NVIDIA's pre-emptive strike against the AMD Radeon HD 2900 XT was the GeForce 8800 Ultra, a graphics-card design that built on the best bits that the 8800 GTX provides - G80 and lots of fast memory most of all - and turned the screws a bit, bumping clocks up decently and applying a new cooler to take care of any issues that arise as a result.
It's the current top-dog in consumer graphics cards, delivering more performance at good levels of IQ than anything that's ever gone before. That's the nature of progress in the graphics market and no less than consumers expect.
GPUs completely obliterate Moore's Law in terms of performance for any given transistor budget and that fast pace is almost what defines the PC these days in terms of the performance march.
Arguably NVIDIA didn't need GeForce 8800 Ultra at all. The Radeon HD 2900 XT didn't even answer the performance question posed by GeForce 8800 GTS, never mind GTX, with the latter still sitting pretty at the top in terms of outright grunt even after HD 2900 XT hit the ground.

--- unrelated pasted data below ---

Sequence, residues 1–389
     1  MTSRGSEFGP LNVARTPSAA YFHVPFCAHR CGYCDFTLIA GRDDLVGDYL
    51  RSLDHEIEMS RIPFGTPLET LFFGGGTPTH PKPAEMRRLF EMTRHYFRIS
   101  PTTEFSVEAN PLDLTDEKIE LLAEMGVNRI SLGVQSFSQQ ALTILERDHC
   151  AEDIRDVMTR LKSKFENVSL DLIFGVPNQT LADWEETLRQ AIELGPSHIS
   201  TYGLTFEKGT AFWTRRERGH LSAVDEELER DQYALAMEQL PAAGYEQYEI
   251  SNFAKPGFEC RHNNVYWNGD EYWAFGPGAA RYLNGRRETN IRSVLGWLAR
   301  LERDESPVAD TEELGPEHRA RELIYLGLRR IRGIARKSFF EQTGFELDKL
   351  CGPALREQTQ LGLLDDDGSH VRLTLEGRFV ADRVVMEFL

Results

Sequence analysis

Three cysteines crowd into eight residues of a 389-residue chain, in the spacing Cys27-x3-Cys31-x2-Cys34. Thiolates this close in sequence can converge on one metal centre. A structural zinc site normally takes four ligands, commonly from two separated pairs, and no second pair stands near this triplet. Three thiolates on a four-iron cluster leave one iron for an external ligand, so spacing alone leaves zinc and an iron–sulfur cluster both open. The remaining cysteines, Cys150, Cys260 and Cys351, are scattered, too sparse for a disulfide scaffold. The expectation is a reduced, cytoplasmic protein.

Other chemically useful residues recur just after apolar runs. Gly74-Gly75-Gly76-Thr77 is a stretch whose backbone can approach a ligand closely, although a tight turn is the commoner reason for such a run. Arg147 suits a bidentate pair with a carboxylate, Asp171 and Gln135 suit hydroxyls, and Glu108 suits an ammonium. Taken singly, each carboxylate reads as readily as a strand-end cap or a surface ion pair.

So what would NVIDIA's partners do with 8800 Ultra when faced with that reality, where it really doesn't need to exist or be that fast? Why, they'd overclock it of course!
eVGA is a long-standing provider of go-faster NVIDIA graphics products, so wasn't ever going to leave the 8800 Ultra alone. Performance has been increased with clock adjusts, justifying - so the company hopes - the Superclocked moniker. What we're looking at today is the eVGA 8800 Ultra KO - eVGA's turbocharged 768MB Ultra - comparing it to the standard Ultra hardware and other products in the high-end graphics food-chain.
Will the eVGA e-GeForce 8800 Ultra Superclocked do good things or will the £540 asking price be simply too much for the performance on the table? Let's find out.